Saturday, January 30, 2010

Floating Nun and Thai Family

The Floating Nun didn’t disappoint, well Olga was a bit unsatisfied.  When a 200 pound woman dressed in white neared the corner, we were a bit surprised.  The brochure mentioned a tiny old woman who was able to sit in the water for a long period of time without moving.  This nun was much younger and we couldn’t call her tiny even if we wanted to.  Silently she put her hands in prayer and then proceeded into the water.  Making graceful occult signs with her hands, she floated in the water only half-way submerged.  She was beautiful to watch.  The feel of complete peace and unity with the Universe reflected in each of her movement.  The audience was silent.  Thai people are very religious and seeing a holy person performing “magic” with the blessing of Buddha made them revere in awe. The reason Olga was disappointed because she thought there was no trick to the nun’s float.  At the nearest beach she proceeded to prove us her point but couldn’t hold her balance in water long enough.  We had a few laughs and gave the nun her due.

After getting lost several times and wasting hundreds of miles going back and forth, we finally entered Erawan Resort where the infamous waterfall was located.  Alas, we came too late and the waterfall was closing soon.  The security at the entrance told us to come back early the next day to take full advantage of time needed to explore all seven tiers of the waterfall.  A bit disappointed, we drove away and soon found a quiet and beautiful lake nearby where we decided to relax for a while before going out to search for lodging. 

A small floating pier welcomed us with a soft squeak of old wood.  The weather was warm and our heads were weary; Olga and Natalie laid down on the pier and I started to write in my journal. 

Right next to us, a large Thai family was having a party.  Lots of food and booze were accompanied by laughter and splashes of water.  Next things we knew, they were offering us beer and food and asking to join their company.  We started to “talk” and soon became quite fond of our new friends.  Olga and Natalie were challenged to jump in the water and when they accepted the challenge, our initiation was completed.  We were part of the family.  They were impressed with our stories and travels and offered their young member as a guide to our Erawan Waterall trip the next day.  They also made a few calls and got us a cheap room in a beautiful resort right next to the waterfall.  And the next thing we knew, we were invited to their house for dinner.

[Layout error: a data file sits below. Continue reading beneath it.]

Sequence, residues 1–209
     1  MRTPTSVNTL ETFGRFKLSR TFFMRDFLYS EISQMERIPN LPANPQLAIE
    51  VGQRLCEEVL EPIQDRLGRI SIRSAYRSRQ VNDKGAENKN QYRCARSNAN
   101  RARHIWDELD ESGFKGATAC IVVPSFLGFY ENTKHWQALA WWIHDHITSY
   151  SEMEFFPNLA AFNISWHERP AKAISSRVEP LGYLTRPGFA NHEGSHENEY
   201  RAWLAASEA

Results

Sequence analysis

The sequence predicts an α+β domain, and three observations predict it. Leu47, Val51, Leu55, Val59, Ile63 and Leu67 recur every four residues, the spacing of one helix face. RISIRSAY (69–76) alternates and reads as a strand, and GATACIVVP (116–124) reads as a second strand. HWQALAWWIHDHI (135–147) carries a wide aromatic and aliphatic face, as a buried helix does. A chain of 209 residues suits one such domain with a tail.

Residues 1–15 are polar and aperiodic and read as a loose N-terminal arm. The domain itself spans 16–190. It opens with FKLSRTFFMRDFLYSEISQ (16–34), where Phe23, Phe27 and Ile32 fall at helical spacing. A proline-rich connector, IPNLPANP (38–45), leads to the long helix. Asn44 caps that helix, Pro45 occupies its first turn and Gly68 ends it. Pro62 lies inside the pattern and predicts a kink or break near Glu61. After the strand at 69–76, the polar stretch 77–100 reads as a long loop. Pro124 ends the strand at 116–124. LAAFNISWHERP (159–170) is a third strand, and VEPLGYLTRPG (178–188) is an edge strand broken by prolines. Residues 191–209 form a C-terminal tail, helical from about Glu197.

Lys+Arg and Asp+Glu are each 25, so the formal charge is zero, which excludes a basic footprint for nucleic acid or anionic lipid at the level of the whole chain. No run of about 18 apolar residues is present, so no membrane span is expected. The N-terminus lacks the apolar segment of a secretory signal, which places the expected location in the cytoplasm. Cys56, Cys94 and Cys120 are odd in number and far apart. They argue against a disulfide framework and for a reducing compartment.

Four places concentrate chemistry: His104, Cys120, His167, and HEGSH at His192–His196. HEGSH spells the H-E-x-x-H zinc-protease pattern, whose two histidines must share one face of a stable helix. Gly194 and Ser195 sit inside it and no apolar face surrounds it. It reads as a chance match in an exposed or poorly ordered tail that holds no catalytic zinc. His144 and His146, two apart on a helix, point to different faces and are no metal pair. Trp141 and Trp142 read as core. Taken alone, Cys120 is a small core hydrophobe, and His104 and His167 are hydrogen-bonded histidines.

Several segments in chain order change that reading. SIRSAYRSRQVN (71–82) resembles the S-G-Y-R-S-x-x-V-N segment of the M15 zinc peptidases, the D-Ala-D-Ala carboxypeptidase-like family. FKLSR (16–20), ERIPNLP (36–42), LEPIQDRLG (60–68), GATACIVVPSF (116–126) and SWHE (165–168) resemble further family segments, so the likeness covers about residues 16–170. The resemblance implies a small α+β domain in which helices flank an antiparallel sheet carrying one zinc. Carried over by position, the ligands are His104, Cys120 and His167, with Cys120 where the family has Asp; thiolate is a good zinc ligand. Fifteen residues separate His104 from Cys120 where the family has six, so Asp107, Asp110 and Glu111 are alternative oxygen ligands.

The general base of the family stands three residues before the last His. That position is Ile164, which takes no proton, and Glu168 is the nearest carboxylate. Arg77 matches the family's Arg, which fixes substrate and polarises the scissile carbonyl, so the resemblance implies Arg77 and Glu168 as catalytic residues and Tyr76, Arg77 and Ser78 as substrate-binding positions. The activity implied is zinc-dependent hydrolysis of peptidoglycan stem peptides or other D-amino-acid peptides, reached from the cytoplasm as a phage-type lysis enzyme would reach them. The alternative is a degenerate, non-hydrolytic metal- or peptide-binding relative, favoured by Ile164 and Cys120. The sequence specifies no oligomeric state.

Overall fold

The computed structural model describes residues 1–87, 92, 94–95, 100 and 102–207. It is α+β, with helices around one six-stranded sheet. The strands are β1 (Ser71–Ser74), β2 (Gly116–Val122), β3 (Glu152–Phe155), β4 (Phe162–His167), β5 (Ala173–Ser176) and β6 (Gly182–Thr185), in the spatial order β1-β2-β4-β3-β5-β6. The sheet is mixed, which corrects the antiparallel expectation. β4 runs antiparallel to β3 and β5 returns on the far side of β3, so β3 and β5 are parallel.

The dinner was superb.  The owner of the house made a few runs to the open-air market nearby and bought fresh meat and vegetables.  There were so many dishes and they were so delicious, we completely stuffed ourselves.  We also found out that the owner’s wife lived in Japan for a long while many years ago and spoke very good Japanese.  My Japanese was as “good” as their English and our communication increased ever so slightly. 

The evening was wonderful.  We played with kids.  Talked to adults about Thailand.  Showed them pictures of our travels.  Drank beer.  And exchanged presents.  The atmosphere was friendly, relaxed and family like.
Kids, cooking their own dinner

The next day we picked up Sam, our 17 year old guide, at his house and were off to the waterfall.  At the entrance, we met Sen, his 60 year old relative who decided to accompany us as well.  The waterfall was stunning.  Ember color of water glowed teasingly through sparking rays of the sun.  And even abundance of tourists didn’t sway us from entering clear waters.  Each tier, exposed new wonders and beauty.  We were thoroughly smitten. 
 Our guides: Sen and Sam
At one of the rest-stops, we met a European man in his 60s who was sitting on a tangled web of roots of a beautiful tree which was wrapped in holly yellow fabric that is usually worn by monks.  With his feet slightly treading the water, he looked peaceful and wise.  The Brit turned out to be a fascinating narrator and we spent an hour talking to him about alternative healing (which he practiced), his 30 year long journey across the world, “holly” union of marriage and relationships.  Wanting to spend more time talking to him but feeling bad for Sam and Sen who patiently waited by our side, we had to let the Wondering Shaman go. 

We spent most afternoon in the waterfall.  Swimming around with nibbling fishes, sliding down big rocks into cool water, relaxing under warm rays and trying to communicate with Sam and Sen who didn’t speak a word of English.  After the waterfall, Sam took us to a large cave.  Barely lit by a gasoline lantern, the cave allowed our imagination to run wild.  Each stalactite transformed from an ordinary limestone into animals, flowers and fish of all sizes and shapes.  We saw skulls, sank ships and hidden treasures.  The cave was magical. 

We spent the evening with Sam and lots of beer by the lake of our resort.  By then, Sam has fallen hard for one of group members and when we dropped him off at his house late at night, he didn’t want to let go.  Holding tight the hand of the woman of his heart, he looked like a lost puppy.  His family made jokes about the “couple” but he wasn’t a least bit mad.  The only thing that was upsetting him was that he had to say good-bye.  His chosen woman realized the absurdity of the situation and rushed her friends to go but not before Sam made her promise to come back in the morning to say proper good-bye.

If only she knew how quickly and deeply young hearts fall in love…

No comments:

Post a Comment